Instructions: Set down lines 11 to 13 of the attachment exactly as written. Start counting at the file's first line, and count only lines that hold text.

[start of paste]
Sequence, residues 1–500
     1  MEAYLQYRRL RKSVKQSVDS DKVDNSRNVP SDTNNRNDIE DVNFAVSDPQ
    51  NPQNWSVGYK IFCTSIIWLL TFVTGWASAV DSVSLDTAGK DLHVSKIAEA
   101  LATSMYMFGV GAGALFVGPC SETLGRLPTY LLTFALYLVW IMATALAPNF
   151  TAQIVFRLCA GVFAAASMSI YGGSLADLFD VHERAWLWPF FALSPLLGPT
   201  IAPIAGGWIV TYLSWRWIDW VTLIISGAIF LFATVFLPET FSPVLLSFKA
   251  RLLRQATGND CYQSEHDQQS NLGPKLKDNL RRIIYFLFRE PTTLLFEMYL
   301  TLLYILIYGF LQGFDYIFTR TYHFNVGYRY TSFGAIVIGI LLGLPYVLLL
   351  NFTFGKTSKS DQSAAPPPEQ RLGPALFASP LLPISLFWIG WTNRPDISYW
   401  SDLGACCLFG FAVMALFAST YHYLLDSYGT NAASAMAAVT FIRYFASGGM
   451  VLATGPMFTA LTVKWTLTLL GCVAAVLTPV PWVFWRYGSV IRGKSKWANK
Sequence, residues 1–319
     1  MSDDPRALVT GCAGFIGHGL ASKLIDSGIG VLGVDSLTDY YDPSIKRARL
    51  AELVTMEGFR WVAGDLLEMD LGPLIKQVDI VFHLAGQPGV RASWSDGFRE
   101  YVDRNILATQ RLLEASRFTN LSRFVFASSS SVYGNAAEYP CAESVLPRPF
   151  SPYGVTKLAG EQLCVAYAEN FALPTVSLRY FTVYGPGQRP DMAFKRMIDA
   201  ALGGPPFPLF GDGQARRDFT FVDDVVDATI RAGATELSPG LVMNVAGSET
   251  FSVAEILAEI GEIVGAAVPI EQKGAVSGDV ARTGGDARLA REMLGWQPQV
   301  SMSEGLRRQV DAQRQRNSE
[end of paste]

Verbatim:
   451  VLATGPMFTA LTVKWTLTLL GCVAAVLTPV PWVFWRYGSV IRGKSKWANK
Sequence, residues 1–319
     1  MSDDPRALVT GCAGFIGHGL ASKLIDSGIG VLGVDSLTDY YDPSIKRARL